There are a number of basic graphics insertion devices that do this, but they are limited to static logo insertion or simple scroll movement and do not offer the rich functionality and feature set of a character generator broadcast graphics device. Pixel Power considered that local graphics content should be possible with the same range of effects, animations, transparency, and text quality as a broadcast graphics device used for primetime television.

Key features for primetime graphics are linear keying, transparency, animation, audio, and multiple layers and regions. Such capabilities create the subtle and sophisticated graphics look that dominates the major networks. Each of these features creates its own set of problems when working in the MPEG domain, and this is largely why the existing MPEG stream graphics insertion devices do not offer rich graphics functionality.

Advanced Graphics

Linear keying and transparency require that the overlaid graphics be mixed with the underlying video signal, rather than simply replacing it. The mixing process in Pixel Power graphics equipment is additive, so that when a white graphic is keyed on a white object there are no black edges visible. Such a mixing process is also fundamental in implementing transitions between graphics, such as fades or wipes.

Animation takes many forms, from a simple animated logo in one corner of the screen to full frame animated backgrounds. Then there is animation of the graphic elements themselves, both 2D and 3D. Pixel Power equipment offers keyframe-based and preset animations which can be applied to text, pictures, and video clips.

Multiple layers and regions allow a large amount of information to be presented in a full screen, which might include a squeezed back window of the main program or an inserted video clip, surrounded by panels displaying weather information, sports scores, tickers covering stock values, and breaking news stories. The regions have to be rendered independently and then mixed together, before overlaying the original MPEG stream. Finally, the resulting new MPEG stream is inserted back into the DVB-ASI multiplex.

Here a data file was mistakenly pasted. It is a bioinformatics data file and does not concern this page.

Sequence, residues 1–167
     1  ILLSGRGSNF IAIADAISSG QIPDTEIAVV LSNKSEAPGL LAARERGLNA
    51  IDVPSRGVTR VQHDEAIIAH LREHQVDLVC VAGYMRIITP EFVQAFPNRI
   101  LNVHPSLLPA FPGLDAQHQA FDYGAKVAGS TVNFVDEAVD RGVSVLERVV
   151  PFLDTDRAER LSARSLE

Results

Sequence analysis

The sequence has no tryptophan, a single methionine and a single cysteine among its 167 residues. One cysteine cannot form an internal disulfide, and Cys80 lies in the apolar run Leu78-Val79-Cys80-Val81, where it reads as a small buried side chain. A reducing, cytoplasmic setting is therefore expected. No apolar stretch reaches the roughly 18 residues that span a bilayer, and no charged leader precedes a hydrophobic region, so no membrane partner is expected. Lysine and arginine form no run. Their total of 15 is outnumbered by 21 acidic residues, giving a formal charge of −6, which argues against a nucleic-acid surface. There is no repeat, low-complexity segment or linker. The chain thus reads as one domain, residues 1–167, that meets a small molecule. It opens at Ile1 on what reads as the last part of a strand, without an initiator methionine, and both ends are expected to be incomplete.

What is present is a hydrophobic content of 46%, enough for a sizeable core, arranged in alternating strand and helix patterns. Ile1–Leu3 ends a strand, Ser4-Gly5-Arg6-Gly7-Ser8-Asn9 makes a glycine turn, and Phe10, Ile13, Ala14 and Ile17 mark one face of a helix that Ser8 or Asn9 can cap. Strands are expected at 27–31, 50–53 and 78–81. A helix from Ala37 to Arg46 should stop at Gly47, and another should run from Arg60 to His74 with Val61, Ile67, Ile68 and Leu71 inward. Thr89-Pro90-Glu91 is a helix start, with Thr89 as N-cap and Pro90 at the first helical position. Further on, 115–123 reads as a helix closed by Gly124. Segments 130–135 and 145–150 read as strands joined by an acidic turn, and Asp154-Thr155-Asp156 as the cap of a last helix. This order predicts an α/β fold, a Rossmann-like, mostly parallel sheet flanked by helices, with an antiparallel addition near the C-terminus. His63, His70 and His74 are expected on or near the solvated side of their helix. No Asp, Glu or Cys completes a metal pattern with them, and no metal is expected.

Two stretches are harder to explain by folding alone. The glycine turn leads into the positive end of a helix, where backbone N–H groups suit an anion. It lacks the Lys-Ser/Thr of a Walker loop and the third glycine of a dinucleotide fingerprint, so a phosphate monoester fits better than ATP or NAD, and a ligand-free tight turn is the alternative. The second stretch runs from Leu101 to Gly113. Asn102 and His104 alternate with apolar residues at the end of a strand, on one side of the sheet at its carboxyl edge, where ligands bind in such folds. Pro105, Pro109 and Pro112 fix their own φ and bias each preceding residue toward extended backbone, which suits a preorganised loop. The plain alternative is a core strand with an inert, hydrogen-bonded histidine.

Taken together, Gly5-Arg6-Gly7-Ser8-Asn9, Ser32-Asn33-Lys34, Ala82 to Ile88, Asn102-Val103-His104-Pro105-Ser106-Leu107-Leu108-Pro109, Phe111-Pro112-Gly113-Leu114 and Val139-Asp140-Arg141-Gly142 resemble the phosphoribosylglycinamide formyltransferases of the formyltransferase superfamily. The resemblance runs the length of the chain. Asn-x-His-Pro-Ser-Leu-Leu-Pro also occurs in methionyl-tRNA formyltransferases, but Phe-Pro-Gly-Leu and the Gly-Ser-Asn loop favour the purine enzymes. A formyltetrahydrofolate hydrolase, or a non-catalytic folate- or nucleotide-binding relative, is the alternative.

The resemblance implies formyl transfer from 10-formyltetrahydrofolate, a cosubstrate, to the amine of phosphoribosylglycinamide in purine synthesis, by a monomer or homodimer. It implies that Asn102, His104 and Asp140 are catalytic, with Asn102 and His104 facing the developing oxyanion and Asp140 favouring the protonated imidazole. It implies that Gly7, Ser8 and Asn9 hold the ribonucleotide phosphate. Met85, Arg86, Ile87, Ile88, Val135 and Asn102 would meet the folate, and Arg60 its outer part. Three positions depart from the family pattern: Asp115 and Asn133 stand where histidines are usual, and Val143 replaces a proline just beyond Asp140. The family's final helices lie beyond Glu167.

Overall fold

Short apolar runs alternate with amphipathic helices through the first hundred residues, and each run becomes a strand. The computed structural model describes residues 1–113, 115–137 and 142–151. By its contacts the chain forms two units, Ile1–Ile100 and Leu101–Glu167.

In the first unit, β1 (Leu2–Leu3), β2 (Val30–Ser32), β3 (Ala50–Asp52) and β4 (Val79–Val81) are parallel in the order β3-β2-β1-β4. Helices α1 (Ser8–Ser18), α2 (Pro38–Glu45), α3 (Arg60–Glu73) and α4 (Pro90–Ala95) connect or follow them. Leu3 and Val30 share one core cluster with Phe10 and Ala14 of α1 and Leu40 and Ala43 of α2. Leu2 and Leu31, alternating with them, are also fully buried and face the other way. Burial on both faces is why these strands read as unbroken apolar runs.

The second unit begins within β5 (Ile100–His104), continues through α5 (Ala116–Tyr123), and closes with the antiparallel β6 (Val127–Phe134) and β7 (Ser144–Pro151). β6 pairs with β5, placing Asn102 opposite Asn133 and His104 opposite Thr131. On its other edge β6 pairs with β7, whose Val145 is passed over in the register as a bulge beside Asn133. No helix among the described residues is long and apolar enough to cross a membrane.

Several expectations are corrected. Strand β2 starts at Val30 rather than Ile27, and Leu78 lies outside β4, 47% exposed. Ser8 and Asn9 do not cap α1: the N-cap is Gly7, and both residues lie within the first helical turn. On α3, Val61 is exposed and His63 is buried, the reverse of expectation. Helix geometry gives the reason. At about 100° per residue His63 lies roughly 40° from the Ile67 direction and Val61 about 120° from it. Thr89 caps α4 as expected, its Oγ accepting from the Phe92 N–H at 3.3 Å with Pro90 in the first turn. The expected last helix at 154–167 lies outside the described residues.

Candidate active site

In addition to the richness of graphics capabilities, the other main difference between a broadcast CG device and a basic stream inserter is the ability to interface to data sources and complex automation systems. The traditional logo inserter operates autonomously, displaying logos stored locally and the only information it receives from outside is which logo to display and when to bring it on and off. The broadcast character generator, in contrast, can generally interface to a wide range of data sources and automation systems for displaying dynamic content automatically. Such functionality is built in to the Pixel Power ASI stream CG and includes links to databases and spreadsheets, as well as a dedicated XML control protocol supported by most automation and content providers. It is also possible to take data and control information directly from the data packets in an ASI stream, allowing central control of localized content.

For example, Quest Research uses Pixel Power Clarity systems to implement automated master control graphics for sports, news, stock market information, weather alerts, and school closing information. The ability to deliver such content at the cable headend in the DVB-ASI stream allows it to be localized further.

The Pixel Power ASI stream CG is based on the existing Clarity100 feature set and includes functionality such as clip playback, text animation, multiple ticker support with automated data sources, cell animation, and audio group mix capability. It uses proprietary technology to insert high quality graphics in the ASI stream without the attendant degradation and expense of a full MPEG decode/encode process.